5 years ago

Characteristics of HIV-infected U.S. Army soldiers linked in molecular transmission clusters, 2001-2012

Peter T. Pham, Sodsai Tovanabutra, Sheila A. Peel, Francine E. McCutchan, Nelson L. Michael, Linda L. Jagodzinski, Paul T. Scott, Stephanie L. Scoville, Shilpa Hakre, Steven B. Cersovsky, Gustavo H. Kijak, Ying Liu

by Shilpa Hakre, Linda L. Jagodzinski, Ying Liu, Peter T. Pham, Gustavo H. Kijak, Sodsai Tovanabutra, Francine E. McCutchan, Stephanie L. Scoville, Steven B. Cersovsky, Nelson L. Michael, Paul T. Scott, Sheila A. Peel


Recent surveillance data suggests the United States (U.S.) Army HIV epidemic is concentrated among men who have sex with men. To identify potential targets for HIV prevention strategies, the relationship between demographic and clinical factors and membership within transmission clusters based on baseline pol sequences of HIV-infected Soldiers from 2001 through 2012 were analyzed.


We conducted a retrospective analysis of baseline partial pol sequences, demographic and clinical characteristics available for all Soldiers in active service and newly-diagnosed with HIV-1 infection from January 1, 2001 through December 31, 2012. HIV-1 subtype designations and transmission clusters were identified from phylogenetic analysis of sequences. Univariate and multivariate logistic regression models were used to evaluate and adjust for the association between characteristics and cluster membership.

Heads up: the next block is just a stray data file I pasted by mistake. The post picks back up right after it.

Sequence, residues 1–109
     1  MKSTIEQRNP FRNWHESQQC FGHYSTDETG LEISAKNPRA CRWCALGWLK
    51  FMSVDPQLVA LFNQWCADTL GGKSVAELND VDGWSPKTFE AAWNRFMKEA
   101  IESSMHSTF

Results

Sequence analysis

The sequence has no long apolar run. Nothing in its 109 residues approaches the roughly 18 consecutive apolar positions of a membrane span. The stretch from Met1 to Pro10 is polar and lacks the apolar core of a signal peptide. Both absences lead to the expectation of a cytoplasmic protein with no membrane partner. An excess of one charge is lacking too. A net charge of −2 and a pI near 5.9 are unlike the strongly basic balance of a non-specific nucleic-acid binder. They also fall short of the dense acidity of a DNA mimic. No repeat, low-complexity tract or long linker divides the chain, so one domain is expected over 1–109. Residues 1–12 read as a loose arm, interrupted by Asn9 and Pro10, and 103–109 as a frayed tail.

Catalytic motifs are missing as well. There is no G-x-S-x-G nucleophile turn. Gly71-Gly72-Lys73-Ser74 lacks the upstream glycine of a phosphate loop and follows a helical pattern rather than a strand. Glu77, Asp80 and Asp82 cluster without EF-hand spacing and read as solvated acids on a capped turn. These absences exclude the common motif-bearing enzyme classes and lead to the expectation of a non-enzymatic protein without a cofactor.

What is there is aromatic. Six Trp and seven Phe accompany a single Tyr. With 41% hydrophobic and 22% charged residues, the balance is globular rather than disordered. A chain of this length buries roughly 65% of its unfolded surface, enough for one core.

Among 518 of 995 HIV-infected Soldiers with available partial pol sequences, 29% were members of a transmission cluster. Assignment to a southern U.S. region at diagnosis and year of diagnosis were independently associated with cluster membership after adjustment for other significant characteristics (p<0.10) of age, race, year of diagnosis, region of duty assignment, sexually transmitted infections, last negative HIV test, antiretroviral therapy, and transmitted drug resistance. Subtyping of the pol fragment indicated HIV-1 subtype B infection predominated (94%) among HIV-infected Soldiers.


These findings identify areas to explore as HIV prevention targets in the U.S. Army. An increased frequency of current force testing may be justified, especially among Soldiers assigned to duty in installations with high local HIV prevalence such as southern U.S. states.

Publisher URL: http://journals.plos.org/plosone/article

DOI: 10.1371/journal.pone.0182376

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